• Know who you are dealing with; independently confirm your buyer’s name, street address, and telephone number;
  • Never accept a cheque for more than your selling price;
  • Never agree to wire back funds to a buyer. A legitimate buyer will not pressure you to do so, and you have limited recourse if there is a problem with a wire transfer;
  • Resist pressure to “act now.” If the buyer’s offer is good now, it should be good when the cheque clears; if you accept payment by cheque, ask for a cheque drawn on a local bank or a bank with a local branch. You can visit that bank branch to determine if the cheque is legitimate; If the buyer wants to use a service you have not heard of, be sure to check it out to ensure it is reliable. Check its Web site, call its customer service hotline, and read its terms of agreement and privacy policy. If you do not feel comfortable with the service, do not use it.

Emergency or “Grandparent” Scam

Though the “Emergency Scam” (or sometimes referred to as the “Grandparent Scam”) has been around for years, the Canadian Anti-Fraud Centre warns the public to be on alert after noting a marked increase in the number of complaints in the last two months.

In the typical scenario, a grandparent receives a phone call from a con-artist claiming to be one of his or her grandchildren. The caller goes on to say that they are in some kind of trouble and need money immediately. Typically they claim being in a car accident, trouble returning from a foreign country or they need bail money.

A typical call can go something like this:

Con-artist: Hi, Grandma/Grandpa

Victim: Hi.

Con-artist: Do you know who this is?

Victim: John?

Con-artist: Yeah.

 Victims don’t verify the story until after the money has been sent as the caller specifically asks that they do not want other relatives to know what has happened by asking “Can you please help me? I’m in jail (or in the hospital / or in some type of financial need). But don’t tell Dad. He would kill me if he found out, please send the money ASAP. I’m scared”

Wanting to help their grandchild, the victim sends money by a money transfer company such as Money Gram or Western Union.

Variations on the scam exist such as an old neighbour, a friend of the family etc. but predominantly the emergency scam is directed toward the Grandparents.

Inheritance Scheme

A very wealthy stranger has died and you are asked to assist with banking and to share the wealth.

The Pitch

You receive a wordy letter, or email message, from a stranger, seeking your assistance in moving large amounts of money, often millions of dollars, to your bank account. You are promised a very significant percentage for little or no effort on your part, perhaps as high as 20%, for simply providing your bank account details. You may be asked to be a trustee or to stand in as a long lost heir of a deceased’s fortune. A web site may even be provided so you can confirm the tragic death of some wealthy individual. The fortune may be said to be in cash in a safety deposit box, evidenced by a Certificate of Deposit. The message may have political overtones or refer to a Diplomat in another country who will broker the transfer of the money, often through some ‘back door’ arrangement. You may be provided an overseas phone number and asked to indicate whether or not you are interested so that alternative plans can be made should you decide not to participate.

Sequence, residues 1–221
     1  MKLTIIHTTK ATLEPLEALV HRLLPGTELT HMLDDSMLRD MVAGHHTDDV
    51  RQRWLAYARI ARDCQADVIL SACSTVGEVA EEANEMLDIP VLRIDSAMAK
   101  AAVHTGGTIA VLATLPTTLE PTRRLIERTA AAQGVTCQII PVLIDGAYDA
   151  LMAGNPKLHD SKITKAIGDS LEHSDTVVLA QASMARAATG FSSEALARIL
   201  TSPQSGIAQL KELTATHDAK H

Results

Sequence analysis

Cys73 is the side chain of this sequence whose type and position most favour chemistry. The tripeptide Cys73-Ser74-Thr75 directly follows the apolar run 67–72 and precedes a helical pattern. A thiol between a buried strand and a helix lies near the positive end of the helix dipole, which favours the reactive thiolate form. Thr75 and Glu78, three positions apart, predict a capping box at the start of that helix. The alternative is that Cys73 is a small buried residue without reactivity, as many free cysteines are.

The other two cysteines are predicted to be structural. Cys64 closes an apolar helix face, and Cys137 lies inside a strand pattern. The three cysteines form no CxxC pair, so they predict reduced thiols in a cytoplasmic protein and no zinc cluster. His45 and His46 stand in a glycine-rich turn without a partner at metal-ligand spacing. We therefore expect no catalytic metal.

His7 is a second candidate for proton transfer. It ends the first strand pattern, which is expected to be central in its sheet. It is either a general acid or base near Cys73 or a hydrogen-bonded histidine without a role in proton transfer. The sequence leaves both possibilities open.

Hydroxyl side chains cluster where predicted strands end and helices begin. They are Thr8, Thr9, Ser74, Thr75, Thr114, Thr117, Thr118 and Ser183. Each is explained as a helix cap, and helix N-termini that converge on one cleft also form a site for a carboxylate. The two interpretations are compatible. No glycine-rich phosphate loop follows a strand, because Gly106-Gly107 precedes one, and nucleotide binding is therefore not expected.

The Facts

Beware of tragic deaths and persons looking for your assistance in moving large amounts of money and to fulfill the role of trustee or heir. Legitimate estates do not solicit trustees or heirs in this manner and do not promise to carry out the exercise ‘through the back door’. If someone promises you 20% of a fortune for doing little else than provide banking details, it is too good to be true, and if it is too good to be true, it probably is not true. This inheritance scheme could end here with the takeover of your bank account and depletion of your funds by a number of fraudulent means. A second phase of the scheme could be invoked, in which you are asked to pay an up-front fee in order to collect your so-called inheritance. You do not normally pay money to collect money. This is also known as an advance fee scam.


The word phishing comes from the analogy that Internet scammers are using email lures to ‘fish’ for passwords and financial data from the sea of Internet users.

Phishing, also called “brand spoofing” is the creation of email messages and Web pages that are replicas of existing, legitimate sites and businesses. These Web sites and emails are used to trick users into submitting personal, financial, or password data. These emails often ask for information such as credit card numbers, bank account information, social insurance numbers, and passwords that will be used to commit fraud.

The goal of criminals using brand spoofing is to lead consumers to believe that a request for information is coming from a legitimate company. In reality it is a malicious attempt to collect customer information for the purpose of committing fraud.

Tips on how to spot and avoid phishing scams: